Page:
Video | Thursday, 28th September 2017
New poem 'Manchester' published on National Poetry Day
Watch Andrew McMillan perform his poem specially commissioned by VisitEngland
It is a modern-day interpretation of William Wordsworth’s Daffodils, but rather than a rural landscape, the setting is buzzing, urban Manchester, where the poet ‘danced last night up Deangate locks | canal a pulse beneath my feet’.
The poem describes a night out in the city among ‘brightly coloured people’, which turns into a beautiful sunrise in the Northern Quarter; it captures the joyful atmosphere of Manchester and its residents and incorporates key elements of the ideal mini-break to the city, including the new contemporary arts hub HOME, the Palace Theatre, nightlife around Deansgate Locks and the vintage shops and tearooms of the bohemian Northern Quarter.
It's great to celebrate this city that I love. A commission like this makes you reconsider somewhere that you know really well; I live in Manchester and have walked by the places in my poem every day. That's the job of poetry – to make us look again at the everyday.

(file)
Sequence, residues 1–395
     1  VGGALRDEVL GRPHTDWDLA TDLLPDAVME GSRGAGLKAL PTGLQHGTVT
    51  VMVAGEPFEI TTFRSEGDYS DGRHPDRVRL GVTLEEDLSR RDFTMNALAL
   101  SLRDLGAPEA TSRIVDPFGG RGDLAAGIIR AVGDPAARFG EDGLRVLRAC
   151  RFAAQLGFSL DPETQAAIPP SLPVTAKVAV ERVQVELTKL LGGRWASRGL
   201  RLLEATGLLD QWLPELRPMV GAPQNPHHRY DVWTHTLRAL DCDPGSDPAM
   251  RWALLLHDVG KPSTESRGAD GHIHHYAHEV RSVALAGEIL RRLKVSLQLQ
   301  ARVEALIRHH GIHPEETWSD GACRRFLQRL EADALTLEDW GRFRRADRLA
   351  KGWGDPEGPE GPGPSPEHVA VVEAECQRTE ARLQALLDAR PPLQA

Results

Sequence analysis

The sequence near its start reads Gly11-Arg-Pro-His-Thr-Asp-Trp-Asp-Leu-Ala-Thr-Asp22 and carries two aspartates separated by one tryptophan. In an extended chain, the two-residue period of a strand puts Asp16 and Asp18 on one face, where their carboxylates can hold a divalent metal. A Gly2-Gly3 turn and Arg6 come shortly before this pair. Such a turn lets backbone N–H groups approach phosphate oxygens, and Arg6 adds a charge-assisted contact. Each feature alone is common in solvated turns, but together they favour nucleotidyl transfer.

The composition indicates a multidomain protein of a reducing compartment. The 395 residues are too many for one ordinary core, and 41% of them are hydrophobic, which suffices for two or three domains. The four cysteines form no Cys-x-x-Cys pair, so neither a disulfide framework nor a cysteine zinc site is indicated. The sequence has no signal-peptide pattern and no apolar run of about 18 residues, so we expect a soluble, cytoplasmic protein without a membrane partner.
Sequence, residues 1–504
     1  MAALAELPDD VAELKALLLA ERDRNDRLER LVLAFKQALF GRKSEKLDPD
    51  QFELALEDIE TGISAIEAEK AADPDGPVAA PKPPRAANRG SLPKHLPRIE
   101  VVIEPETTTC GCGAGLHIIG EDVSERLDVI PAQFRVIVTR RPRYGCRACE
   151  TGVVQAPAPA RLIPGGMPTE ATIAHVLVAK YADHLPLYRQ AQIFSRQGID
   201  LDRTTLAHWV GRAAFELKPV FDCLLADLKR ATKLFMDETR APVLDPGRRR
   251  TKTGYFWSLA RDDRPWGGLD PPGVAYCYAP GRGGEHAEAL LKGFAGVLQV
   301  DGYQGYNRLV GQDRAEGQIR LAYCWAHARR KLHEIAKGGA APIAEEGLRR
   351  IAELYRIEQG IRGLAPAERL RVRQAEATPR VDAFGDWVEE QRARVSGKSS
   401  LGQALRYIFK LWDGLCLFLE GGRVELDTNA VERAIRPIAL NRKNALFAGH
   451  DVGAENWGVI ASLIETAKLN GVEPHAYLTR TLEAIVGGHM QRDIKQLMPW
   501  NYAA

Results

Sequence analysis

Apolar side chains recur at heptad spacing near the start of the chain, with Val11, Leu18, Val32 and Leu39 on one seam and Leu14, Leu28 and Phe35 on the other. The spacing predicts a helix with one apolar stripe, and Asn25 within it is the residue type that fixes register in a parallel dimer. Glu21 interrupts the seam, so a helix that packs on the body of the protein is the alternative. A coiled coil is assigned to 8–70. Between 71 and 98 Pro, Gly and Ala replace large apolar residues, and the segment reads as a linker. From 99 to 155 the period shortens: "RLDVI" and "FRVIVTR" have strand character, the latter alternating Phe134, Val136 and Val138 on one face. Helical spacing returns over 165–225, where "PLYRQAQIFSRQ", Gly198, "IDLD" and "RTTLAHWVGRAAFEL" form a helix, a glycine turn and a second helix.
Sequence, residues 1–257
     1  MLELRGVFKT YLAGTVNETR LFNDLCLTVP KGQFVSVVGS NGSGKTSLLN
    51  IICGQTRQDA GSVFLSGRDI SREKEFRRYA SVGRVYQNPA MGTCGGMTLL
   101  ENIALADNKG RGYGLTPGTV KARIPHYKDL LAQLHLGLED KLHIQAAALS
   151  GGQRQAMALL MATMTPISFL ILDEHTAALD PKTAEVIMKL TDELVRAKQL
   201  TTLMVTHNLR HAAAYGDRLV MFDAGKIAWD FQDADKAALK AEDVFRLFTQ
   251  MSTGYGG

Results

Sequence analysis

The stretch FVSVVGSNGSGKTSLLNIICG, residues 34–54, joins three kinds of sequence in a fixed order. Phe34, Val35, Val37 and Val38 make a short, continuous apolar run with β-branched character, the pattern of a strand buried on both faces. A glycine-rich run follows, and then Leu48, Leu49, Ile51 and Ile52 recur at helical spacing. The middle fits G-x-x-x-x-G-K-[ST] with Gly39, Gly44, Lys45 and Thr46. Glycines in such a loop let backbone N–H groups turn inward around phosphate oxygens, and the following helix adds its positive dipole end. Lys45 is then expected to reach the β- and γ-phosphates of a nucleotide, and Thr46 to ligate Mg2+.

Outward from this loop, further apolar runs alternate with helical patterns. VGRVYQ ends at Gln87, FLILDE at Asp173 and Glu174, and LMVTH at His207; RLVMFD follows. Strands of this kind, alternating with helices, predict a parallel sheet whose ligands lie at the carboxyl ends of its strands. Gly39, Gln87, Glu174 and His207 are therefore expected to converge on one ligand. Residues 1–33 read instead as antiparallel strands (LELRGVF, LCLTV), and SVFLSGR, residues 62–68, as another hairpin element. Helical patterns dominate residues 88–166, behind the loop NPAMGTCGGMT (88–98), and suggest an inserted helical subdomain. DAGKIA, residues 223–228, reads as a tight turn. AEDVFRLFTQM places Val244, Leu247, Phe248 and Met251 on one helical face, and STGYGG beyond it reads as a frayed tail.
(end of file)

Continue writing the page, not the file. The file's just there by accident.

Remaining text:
With a rise in spoken word scenes across the country, VisitEngland partnered with National Poetry Day for the project – with another new poems celebrating London - as part of its ‘Year of Literary Heroes’.
Andrew McMillan joined Manchester Metropolitan University this month as Senior Lecturer in Creative Writing (Poetry). An acclaimed poet, his debut collection physical was the first ever poetry collection to win The Guardian First Book Award and he has gone on to garner several other awards and prizes.
He said: “It's great to celebrate this city that I love. A commission like this makes you reconsider somewhere that you know really well; I live in Manchester and have walked by the places in my poem every day. That's the job of poetry – to make us look again at the everyday.
“Romantic poetry, like Wordsworth, has given us a notion that great poetry is about the landscape, about pastoral places, so it's been a great challenge to rewrite Daffodils in an urban setting. Hopefully people will try it for themselves, writing a poem in celebration of where they're from, because everywhere is worthy of writing about.”